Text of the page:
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C V N Kalari

 
 

Location:  East Fort, Thiruvananthapuram, at a walkable distance from the central bus station.

Kalarippayattu,considered to be the mother of all the martial art forms in the world, is a priceless asset to Kerala's heritage. An intricate blend of physical prowess, mindset, martial techniques and indigenous medical system, this form of armed, close quarter, hand-to-hand combat is unique to this State.

TheKalariis a practice ring or training centre on the lines of a gymnasium andPayattuis a duel. Hence, Kalarippayattu means martial skills learnt in a ring or training centre.

The C V N Kalari Sangham in Thiruvananthapuram was established in 1956 following the lifelong dedicated efforts of C V Narayanan Nair, C V Balan Nair and Kottackal Karunakara Gurukkal, who popularised the art which was on the verge of dying, by staging demonstrations, collecting information and establishing Kalaries all over the State.

The C V N Kalari is built in an east-west direction about 4 feet below ground level, and is closed on all sides except for a small door on the eastern side. This cocoon-like traditional Kalari architecture is greatly suited for the tropical, humid climate of Kerala. There is not much light within theKalariother than the light from the traditional wick lamps or nilavilakku.

SinceKalarippayattuis considered a sublime martial art, certain deities are placed in theKalariand devotional rituals performed before every session to obtain their blessings. The main deity isKalari Paradevata,or the Goddess ofKalari.Idols of Ganapathi,Naga(the serpent god), Bhadrakaali and others are also placed along with. The rites of worship are a part of theKalaritradition.


Rigorous training and perseverance creates a Kalari fighter

TheKalarifighter depends only on his alertness and agility, and the use of various stances and swift movements for attack and self defence. Long years of systematic and rigorous training hones these reflexes even while cultivating mental abilities like concentration, confidence and courage.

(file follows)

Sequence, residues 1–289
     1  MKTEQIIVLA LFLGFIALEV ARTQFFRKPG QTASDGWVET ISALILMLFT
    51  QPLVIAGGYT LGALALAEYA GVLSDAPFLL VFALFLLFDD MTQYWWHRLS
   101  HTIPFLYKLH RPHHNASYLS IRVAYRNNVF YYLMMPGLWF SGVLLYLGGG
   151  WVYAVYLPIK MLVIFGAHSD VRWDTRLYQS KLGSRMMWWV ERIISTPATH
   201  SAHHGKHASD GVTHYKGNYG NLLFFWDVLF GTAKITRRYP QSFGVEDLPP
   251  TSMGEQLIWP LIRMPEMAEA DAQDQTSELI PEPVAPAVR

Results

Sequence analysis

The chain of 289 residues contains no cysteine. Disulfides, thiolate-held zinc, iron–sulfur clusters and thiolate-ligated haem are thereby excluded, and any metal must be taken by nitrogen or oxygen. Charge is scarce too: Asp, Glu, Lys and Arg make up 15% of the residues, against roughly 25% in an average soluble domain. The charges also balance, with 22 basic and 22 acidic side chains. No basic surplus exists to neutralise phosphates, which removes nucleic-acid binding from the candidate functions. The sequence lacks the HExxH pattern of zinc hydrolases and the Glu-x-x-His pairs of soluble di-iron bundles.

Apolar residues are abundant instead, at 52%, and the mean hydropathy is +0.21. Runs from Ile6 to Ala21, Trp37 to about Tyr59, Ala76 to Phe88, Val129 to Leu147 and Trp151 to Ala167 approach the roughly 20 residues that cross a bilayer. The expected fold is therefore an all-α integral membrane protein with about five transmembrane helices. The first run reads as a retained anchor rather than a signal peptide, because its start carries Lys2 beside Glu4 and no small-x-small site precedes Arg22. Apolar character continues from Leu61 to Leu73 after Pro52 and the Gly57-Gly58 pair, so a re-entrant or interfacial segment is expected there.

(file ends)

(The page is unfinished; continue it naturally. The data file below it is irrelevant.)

The training usually starts at the age of seven for both boys and girls. For mostKalariexponents, the training becomes a way of life. Besides the physical aspects, theKalaritraining includes meditation and Ayurvedic oil massages. The massages are of prime importance in conditioning and making the body supple. This is done by theGurukkalor the Master Trainer himself.

The training is imparted in four stages. First theChuvaduor stance. This is followed byVadivuor body postures which are eight in number:gaja(elephant), simha(lion), aswa(horse), varaha(pig), sarpa(serpent), marjjara(cat), kukkuda(rooster) and matsya(fish).

The trainee who masters theChuvaduandVadivugoes on to Meyppayattu(the use of the body in fighting) which aims at perfecting neuro-muscular coordination. Then begins the training with weapons. Commencing with cane weapons, the trainee graduates to using theCheruvadi(small stick), Ottakkol(poles), Gada(mace) and Kadtaram(steel dagger), and then the most glamorous of combats - fighting with the sword and shield.

Another weapon is theUrumi,a long, springy, double edged, coiled sword which can even recoil and hurt the user if not wielded with skill. Fighting with spears is the last in the weapon training syllabus. The spears calledKunthamare long poles made of cane, bamboo or wood with a sharp double edged metal tip.

An entire system of medicine evolved around the art

Kalari Chikitsa,orKalaritreatment is an integral part of theKalaritradition. It is mainly used to treat sprains, fractures, wounds and other injuries. Performers of other traditional arts of Kerala also undergo theKalari Chikitsato improve the suppleness of the body. The masters ofKalarippayattuare extraordinary healers adept at curing physical ailments with the ancient Ayurvedic system of massages and herbs.

Kalariperformances at C V N Kalari

Performances are organised both in India and abroad on request. Lecture demonstrations are presented to interested groups at theKalariat Thiruvananthapuram and Kozhikode. The timings are usually 6:00 am to 9:00 am and 5:00 pm to 7:00 pm.

The C V N Kalari sangham has recently published a book written by P. Balakrishnan titled Kalarippayattu both in English and Malayalam.

Getting there:
Nearest railway station: Thiruvananthapuram central, about 1 1/2 km
Nearest airport: Thiruvananthapuram International Airport, about 6 km

 
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